“I’m supposed to call my buyer every day before the British banks close,” said Vickery, “and in London it’s already –“

Castine gave him a quick, anxious look, then raised her arm and glanced at her new watch. “you’ve got half an hour,” she said tensely.

“So we gotta run,” said Vickery. “I’ll call you later, or tomorrow.”

“We’ll drive you back to your car,” said Galvan.

Castine shook her head. “We like to walk.”

“And I can call him while I’m walking,” said Vickery, who in fact was not carrying a phone.

Galvan was silent, then said, flatly, “Walk.”

“Sure,” said Vickery. “Pedestrians have right of way everywhere. Eventually I imagine we’ll get on a bus.” He slowly opened the door on his side, and Galvan didn’t object when he stepped out onto the parking lot pavement. Castine carefully did the same on her side.

“A bus,” said Galvan.

“I’m just visiting L.A.,” Castine explained. “I want to take one of those tours where you see the movie stars’ homes.”

Galvan laughed softly and shook her head. “Okay, go. Remember, I’m the one who knows who Harlowe is, and how to contact him!”

Vickery smiled at her. “That’s what I was hoping for when we came to see you. Oh,” he added, “our guns?”

Galvan squinted up at him. “Sure, Vick.” She gave the revolver back to Ramon, then lifted Vickery’s Glock and Castine’s .38 and held them up by the open window. Vickery handed the .38 to Castine and tucked the Glock into his jacket pocket.

“It would be purely dumb,” said Galvan as Ramon clicked the Honda into gear and stepped on the brake, “if you were lying to me about this London buyer.” When Vickery shook his head, she went on, “I thought you liked having your phantom daughter around.”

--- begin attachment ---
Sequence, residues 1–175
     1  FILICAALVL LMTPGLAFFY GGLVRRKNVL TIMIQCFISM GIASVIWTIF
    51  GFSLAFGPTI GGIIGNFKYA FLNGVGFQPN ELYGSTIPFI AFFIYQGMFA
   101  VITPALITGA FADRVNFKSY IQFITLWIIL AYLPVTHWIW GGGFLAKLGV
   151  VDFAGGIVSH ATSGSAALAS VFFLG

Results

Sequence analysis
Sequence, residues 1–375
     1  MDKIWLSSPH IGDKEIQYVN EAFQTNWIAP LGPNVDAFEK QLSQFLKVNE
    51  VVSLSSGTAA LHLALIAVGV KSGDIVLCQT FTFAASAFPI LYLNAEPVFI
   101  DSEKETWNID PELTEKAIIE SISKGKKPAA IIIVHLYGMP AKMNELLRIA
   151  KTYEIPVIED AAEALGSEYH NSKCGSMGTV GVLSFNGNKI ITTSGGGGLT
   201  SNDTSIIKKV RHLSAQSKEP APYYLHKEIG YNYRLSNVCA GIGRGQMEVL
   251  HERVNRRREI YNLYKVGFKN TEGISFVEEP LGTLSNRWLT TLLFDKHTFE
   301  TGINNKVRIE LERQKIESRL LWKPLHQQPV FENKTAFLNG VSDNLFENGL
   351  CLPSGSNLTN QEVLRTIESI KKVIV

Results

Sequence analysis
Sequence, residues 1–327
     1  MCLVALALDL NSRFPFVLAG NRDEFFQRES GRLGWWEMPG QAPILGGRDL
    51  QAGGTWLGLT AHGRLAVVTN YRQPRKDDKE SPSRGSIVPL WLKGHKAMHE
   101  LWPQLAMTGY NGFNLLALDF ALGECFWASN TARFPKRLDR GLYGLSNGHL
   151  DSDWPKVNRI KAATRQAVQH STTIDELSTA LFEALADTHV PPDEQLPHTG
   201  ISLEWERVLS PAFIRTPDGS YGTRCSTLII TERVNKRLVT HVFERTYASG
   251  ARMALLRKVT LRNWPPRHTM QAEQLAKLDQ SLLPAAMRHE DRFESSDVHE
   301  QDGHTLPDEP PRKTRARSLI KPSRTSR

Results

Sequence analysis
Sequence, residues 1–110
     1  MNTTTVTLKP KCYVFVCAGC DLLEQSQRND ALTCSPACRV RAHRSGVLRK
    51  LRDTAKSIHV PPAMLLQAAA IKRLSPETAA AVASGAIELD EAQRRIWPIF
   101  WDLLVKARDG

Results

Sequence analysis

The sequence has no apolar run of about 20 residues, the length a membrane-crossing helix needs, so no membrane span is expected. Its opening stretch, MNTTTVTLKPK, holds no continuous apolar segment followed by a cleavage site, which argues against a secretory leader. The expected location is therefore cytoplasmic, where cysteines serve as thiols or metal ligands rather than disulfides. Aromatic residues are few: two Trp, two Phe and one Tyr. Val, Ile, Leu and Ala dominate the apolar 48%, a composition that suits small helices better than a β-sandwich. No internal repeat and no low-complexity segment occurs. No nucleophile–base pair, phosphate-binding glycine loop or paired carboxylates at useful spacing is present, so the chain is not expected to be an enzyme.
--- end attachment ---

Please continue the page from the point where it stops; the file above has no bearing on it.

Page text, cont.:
“I did. But she is fossilized, inert. Not even as present as a picture. And she never actually existed anyway.” He shrugged. “I like four-hundred grand better.”

Galvan gave him an unreadable look. “You used to be more sentimental.”

Ramon lifted his foot from the brake and steered the car toward the street on the other side of the parking lot.

Vickery took Castine’s suede-sleeved elbow and followed, and then led her quickly north along the sidewalk, away from where he had parked his Saturn. Old brick apartment buildings with fire escapes lined both sides of the street, and the bushy curbside trees were easily a dozen feet tall.

“We’ll turn left on Seventh,” he told Castine quietly, “go through a few stores, take a taxi or two. Make sure we’re not being followed.”

He was breathing deeply, still shaky from the tightrope they had just walked with Galvan.

“That story about a London buyer saved us,” said Castine. “Oh — and it was nice of you to put me down for a third.”